Hanover Police officers responded to an anonymous call Sunday night regarding an event at Gamma Delta Chi fraternity, director of Safety and Security Harry Kinne told The Dartmouth. The caller claimed that activities related to the organization's "Hell Night" were "putting people at risk," Kinne said. Hanover Police Chief Nicholas Giaccone contacted Kinne, requesting that College Safety and Security perform a walk-through of the house with the organization's president, Kevin Gallagher '11, Kinne said. No one in the house was at risk and the call was "not accurate," Kinne said. Gallagher declined to comment.
Environmental Health and Safety Director Michael Blayney issued an e-mail alert to campus on Monday warning about smoke from fires in southern Quebec spreading through the Upper Valley. Wind from the south dispelled much of the smoke Monday afternoon, and forecasted storms should clear up the rest of the smoke by Tuesday, Blayney said in an interview with The Dartmouth. The forest fires pose no immediate threat to the Dartmouth campus, he added. Blayney advised students to avoid "strenuous exercise" outside and for students with respiratory conditions to stay indoors until conditions improve. Monday was first time the College has issued an air quality warning due to forest fires in recent memory, Blayney said. Parts of Vermont and Maine were also affected by the smoke.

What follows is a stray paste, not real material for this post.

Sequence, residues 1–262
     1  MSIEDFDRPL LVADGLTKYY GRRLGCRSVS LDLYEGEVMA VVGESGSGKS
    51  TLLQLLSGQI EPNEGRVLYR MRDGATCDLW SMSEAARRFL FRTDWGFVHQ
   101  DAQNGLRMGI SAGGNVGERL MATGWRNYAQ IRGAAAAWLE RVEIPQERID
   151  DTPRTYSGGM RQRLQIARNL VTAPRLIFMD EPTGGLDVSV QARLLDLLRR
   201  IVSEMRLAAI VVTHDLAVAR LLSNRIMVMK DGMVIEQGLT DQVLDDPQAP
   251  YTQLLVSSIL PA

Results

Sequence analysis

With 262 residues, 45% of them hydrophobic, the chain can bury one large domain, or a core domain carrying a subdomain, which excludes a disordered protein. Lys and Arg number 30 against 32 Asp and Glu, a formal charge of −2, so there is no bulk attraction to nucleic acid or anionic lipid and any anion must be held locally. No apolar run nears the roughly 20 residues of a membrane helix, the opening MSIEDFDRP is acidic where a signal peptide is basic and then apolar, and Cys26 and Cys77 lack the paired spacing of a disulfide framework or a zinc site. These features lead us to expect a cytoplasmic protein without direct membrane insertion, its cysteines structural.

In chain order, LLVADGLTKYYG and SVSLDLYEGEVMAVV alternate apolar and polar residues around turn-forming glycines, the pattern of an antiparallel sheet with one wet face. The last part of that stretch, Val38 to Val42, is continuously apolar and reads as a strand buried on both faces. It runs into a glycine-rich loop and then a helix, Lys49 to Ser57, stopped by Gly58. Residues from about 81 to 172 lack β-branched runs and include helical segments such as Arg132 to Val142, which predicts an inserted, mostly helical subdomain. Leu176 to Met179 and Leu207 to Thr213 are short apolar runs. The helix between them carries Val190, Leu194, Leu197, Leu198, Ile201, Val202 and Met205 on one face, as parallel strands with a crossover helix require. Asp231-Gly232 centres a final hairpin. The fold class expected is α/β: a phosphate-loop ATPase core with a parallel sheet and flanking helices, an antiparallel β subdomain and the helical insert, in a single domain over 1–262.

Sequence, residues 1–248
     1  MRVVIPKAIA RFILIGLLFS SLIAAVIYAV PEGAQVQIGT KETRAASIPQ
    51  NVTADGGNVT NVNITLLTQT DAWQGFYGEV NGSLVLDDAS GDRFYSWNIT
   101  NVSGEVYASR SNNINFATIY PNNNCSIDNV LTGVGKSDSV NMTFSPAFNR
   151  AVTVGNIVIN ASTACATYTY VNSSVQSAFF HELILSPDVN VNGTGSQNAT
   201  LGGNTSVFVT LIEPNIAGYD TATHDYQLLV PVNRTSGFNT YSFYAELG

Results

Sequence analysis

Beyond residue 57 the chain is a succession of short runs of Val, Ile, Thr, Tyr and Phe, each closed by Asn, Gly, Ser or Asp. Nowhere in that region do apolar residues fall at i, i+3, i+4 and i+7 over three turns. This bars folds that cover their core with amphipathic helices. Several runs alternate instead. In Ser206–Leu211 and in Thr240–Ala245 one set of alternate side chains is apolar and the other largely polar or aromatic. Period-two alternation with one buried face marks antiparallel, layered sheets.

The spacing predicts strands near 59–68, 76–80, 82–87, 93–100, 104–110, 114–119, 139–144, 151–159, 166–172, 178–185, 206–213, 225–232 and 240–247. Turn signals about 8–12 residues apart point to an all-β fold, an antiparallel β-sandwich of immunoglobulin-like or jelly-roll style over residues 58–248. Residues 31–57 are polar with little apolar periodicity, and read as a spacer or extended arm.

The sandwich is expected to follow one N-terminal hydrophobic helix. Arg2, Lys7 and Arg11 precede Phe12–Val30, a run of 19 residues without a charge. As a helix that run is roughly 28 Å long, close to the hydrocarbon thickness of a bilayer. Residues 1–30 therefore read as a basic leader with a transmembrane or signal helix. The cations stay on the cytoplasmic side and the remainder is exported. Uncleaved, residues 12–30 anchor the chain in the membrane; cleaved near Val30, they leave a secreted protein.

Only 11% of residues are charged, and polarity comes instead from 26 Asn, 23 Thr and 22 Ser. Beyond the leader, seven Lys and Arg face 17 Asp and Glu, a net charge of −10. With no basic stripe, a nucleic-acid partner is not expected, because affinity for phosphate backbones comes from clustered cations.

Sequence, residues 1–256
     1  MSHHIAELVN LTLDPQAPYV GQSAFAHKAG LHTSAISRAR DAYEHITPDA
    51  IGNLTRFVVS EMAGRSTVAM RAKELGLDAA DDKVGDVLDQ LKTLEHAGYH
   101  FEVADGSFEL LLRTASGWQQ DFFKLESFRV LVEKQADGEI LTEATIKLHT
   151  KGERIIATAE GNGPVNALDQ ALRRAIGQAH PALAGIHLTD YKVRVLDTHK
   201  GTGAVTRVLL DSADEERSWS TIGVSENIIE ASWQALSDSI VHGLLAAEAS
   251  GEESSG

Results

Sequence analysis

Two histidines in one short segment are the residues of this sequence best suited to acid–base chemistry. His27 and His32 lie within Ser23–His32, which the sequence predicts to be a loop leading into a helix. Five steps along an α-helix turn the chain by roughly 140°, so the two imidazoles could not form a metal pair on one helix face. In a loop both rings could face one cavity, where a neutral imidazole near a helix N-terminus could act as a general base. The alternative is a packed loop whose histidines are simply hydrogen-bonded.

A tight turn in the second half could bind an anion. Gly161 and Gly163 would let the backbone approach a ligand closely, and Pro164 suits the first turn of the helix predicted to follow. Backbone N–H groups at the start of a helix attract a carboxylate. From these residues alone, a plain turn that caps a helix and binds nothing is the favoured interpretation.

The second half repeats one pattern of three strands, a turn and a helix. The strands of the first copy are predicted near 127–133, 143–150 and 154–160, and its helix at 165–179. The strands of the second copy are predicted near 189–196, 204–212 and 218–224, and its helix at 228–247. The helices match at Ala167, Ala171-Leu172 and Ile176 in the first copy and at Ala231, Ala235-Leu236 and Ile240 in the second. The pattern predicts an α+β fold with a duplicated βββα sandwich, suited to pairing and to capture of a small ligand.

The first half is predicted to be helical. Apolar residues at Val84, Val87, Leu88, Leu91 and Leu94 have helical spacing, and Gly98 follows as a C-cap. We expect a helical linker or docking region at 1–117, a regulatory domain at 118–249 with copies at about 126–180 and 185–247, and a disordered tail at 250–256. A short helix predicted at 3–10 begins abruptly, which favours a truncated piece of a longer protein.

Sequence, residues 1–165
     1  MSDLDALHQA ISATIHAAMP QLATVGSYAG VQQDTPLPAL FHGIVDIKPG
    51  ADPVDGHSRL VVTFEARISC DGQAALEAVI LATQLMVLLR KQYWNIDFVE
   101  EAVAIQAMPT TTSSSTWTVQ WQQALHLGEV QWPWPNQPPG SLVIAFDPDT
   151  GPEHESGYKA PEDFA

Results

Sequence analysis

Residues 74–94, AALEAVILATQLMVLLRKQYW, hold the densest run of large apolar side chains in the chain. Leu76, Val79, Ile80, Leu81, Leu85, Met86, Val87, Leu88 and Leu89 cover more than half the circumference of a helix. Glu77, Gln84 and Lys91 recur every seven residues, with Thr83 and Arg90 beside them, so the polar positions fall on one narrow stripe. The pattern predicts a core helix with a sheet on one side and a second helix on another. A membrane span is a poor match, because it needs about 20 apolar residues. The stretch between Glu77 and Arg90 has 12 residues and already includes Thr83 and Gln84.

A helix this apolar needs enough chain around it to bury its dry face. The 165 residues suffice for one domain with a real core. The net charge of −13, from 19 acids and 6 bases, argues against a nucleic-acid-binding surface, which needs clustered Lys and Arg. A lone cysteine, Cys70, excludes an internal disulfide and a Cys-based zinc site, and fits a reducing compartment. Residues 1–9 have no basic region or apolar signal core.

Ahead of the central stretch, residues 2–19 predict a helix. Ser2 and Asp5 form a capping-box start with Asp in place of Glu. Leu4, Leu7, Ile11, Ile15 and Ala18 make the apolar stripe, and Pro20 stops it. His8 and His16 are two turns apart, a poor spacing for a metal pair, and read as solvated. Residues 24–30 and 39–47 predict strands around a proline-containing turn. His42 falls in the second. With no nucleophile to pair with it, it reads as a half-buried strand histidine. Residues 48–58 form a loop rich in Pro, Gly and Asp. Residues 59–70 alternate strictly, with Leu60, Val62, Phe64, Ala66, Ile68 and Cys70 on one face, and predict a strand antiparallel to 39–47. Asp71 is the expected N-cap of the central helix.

More than 100,000 teachers nationwide may face layoffs if senior congressional Democrats do not allocate $23 billion in federal aid to public schools, The Washington Post reported Thursday. Fiscal conservatives in both the House of Representatives and the Senate are fighting education spending measures at a time when states are seeking to trim education spending to balance their budgets. The hardest-hit states include New Jersey, New York and California, according to The Post. Teachers unions estimate that 160,000 jobs will be lost in these states alone, and that 100,000 to 300,000 teachers could be let go nationwide. Teachers across the nation have organized protests, as schools will be left to increase class sizes, cut bus routes and eliminate arts and summer school programs.